IT CAN ONLY HAPPEN ON AN EXPLORER TRIP
Shortly after landing at the airstrip, we saw some vultures soaring and plummeting within the vicinity. Upon closer invistigation, we saw them feeding on a dead elephant carcass.We saw just about all the vulture species at the feeding:spot, lappetfaced, whitebacked, hooded and whiteheaded.
The first night we experienced a thunderstorm in the heart of the Okavango Delta. As it is the norm, the following day we saw a tsessebe antelope with a newly born calf. Most antelope species tend to give birth after the first the rains in Botswana and in Southern Africa.
We also saw a lion pride (3 lionesses and 5 cubs) sleeping on an island. We then returned in the late afternoon when it was cool to observe their interaction.We had an opportunity to see them socialising and later stalked and chased a giraffe. However, they couldn’t match the giraffe’s pace of acceleration as it simply outpaced them and crossed the depeer floodplain. The lions got back to the original spot and went up a dry leadwood tree to scan the area for any available prey species.We watched the three lionesses and 2 cubs playing up a tree for some time before spotting a kudu antelope.They quickly came down and started stalking, although their chase was unsuccessful.
A sighting of an adult bull elephant shaking a real fan palm tree to get the fruits is worth mentioning. The way they do it is amazing as they don’t even bring the tree down.On the night drive, we saw a male lion moving and calling at the same time.There were also some frequent sightings of lesser bushbabies very close to us. Their big eyes were constantly flashed by our flashlight.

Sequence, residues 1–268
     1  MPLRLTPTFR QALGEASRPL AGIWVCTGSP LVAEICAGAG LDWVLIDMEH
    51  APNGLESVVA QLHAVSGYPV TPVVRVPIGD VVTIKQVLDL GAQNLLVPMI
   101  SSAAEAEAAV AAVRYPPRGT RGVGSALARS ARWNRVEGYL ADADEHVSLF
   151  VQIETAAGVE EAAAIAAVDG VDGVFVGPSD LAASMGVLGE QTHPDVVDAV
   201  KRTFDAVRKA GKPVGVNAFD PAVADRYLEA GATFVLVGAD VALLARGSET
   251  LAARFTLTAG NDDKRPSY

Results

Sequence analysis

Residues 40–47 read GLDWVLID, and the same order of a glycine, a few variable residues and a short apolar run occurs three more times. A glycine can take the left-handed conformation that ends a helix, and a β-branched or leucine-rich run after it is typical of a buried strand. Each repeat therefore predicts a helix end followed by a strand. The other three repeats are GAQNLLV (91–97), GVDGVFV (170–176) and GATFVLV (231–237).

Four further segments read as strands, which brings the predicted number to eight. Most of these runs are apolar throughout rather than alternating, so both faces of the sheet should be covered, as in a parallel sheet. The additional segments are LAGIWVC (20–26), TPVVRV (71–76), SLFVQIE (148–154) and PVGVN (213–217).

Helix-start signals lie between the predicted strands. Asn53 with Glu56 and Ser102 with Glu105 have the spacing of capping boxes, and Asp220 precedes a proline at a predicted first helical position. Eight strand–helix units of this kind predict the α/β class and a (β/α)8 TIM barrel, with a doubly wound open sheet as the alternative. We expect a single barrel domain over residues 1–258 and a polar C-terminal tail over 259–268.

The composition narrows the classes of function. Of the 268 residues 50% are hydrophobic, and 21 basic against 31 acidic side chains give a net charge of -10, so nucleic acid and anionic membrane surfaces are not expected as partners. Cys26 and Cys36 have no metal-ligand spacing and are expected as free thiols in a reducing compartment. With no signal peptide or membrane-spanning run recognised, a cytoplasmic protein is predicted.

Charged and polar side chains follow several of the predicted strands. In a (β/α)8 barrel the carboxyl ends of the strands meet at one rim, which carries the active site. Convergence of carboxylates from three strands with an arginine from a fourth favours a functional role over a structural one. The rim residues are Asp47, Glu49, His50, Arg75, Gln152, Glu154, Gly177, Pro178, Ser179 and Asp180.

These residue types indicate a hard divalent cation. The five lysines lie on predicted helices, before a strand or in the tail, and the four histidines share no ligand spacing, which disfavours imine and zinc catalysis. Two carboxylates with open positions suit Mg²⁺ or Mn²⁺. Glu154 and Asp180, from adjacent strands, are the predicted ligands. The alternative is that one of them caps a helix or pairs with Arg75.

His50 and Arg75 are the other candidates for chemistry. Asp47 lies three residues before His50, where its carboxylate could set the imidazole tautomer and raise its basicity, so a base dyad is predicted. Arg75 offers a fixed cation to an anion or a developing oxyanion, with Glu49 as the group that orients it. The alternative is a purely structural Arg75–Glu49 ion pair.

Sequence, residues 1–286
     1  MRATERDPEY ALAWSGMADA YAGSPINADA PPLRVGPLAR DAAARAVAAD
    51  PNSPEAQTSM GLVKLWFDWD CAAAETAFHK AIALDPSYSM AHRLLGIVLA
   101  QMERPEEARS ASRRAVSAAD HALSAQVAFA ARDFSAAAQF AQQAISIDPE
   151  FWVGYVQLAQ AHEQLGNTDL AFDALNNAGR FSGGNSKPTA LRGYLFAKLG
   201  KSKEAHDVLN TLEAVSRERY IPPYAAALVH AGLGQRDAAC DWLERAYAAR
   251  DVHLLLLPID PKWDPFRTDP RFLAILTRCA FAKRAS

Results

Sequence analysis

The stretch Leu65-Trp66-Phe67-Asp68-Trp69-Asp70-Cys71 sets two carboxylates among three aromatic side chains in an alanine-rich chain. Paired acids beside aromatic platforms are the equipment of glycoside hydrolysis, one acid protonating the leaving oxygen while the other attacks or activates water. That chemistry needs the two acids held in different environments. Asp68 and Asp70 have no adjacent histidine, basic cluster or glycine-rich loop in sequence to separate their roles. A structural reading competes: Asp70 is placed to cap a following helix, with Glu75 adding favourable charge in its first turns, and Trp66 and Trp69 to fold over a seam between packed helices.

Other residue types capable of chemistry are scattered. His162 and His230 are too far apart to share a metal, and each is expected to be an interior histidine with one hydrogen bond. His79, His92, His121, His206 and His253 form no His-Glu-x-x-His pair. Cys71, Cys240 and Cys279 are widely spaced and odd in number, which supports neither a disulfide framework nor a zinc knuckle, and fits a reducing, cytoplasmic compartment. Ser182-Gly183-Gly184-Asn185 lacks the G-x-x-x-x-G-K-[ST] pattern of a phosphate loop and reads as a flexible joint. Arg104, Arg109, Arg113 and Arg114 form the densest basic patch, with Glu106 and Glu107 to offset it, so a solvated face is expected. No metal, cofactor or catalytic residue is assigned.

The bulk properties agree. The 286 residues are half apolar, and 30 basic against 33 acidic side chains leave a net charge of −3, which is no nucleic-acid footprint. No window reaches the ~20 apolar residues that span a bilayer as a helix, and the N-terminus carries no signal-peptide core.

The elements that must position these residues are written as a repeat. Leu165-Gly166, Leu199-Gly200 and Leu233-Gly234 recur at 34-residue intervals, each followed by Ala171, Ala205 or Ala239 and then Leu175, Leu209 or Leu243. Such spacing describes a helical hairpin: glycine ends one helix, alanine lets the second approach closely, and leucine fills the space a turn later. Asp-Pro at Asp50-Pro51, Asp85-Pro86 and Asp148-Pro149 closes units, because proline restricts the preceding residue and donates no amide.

On the way to the airstrip, we saw the lion pride again with some of the members that were missing. In total there were 4 lionesses and 7 cubs, all lying down next to a dry mudhole. Our flight to Khwai had some wonderful sightings to view up in the air. Concentrations of buffalos, hippos, elephants etc. could be seen from the air. As for the general scenery, it is indescribable.
While at Khwai, our whole afternoon drive was spent watching a female leopard. We first spotted her up a tree and watched as she came down. She tried to stalk the red lechwe antelopes which quickly spotted her and thwarted her intentions by alarming. She then gave up and headed towards the river for a drink and went up a tree again.
At Savute we watched a lion pride of three lionesses and three cubs sleeping on the edge of the marsh.The cubs started playing with a round, dry elephant dropping. It was also interesting to see a male steenbok feeding on an elephant dropping. It is uncommon to see this behaviour being exhibited by the steenbok antelopes as compared to other antelope species.Sightings of bull elephants on top of the hills were very common.We were very lucky to view a male leopard up a tree but slightly far away from the road.
On the afternoon drive, we also saw another male leopard up bushman painting hill.We could hear him feeding although we were not sure what he has killed. At Serondela, while having lunch, we saw a lionesses hunting giraffes but missed. Thereafter, she followed tsessebes and also missed. The following day we had a brief sighting of a male lion, 2 lionesses and 2 cubs. They then disappeared in the woolly caper bushes. In the afternoon, the boat ride gave us an unparalleled experience. We saw breeding herds of elephants crossing Chobe river from Botswana to Namibia. Sightings of buffalos, hippos, crocodiles, waterbucks, lots of birds etc. were seen in abundance.Chobe river is one of the best areas in Botswana to view hippos out of the river during daylight in large numbers.
On the way to the camp we saw 2 lionesses moving away from the river with full bellies. It seemed like they drank some water and went back to the kill larea.This is the very best of Chobe National Park.
Posted: Botswana Expedition by Keiditsemang Jeremiah Gabogolelwe, Date: 22 October 2011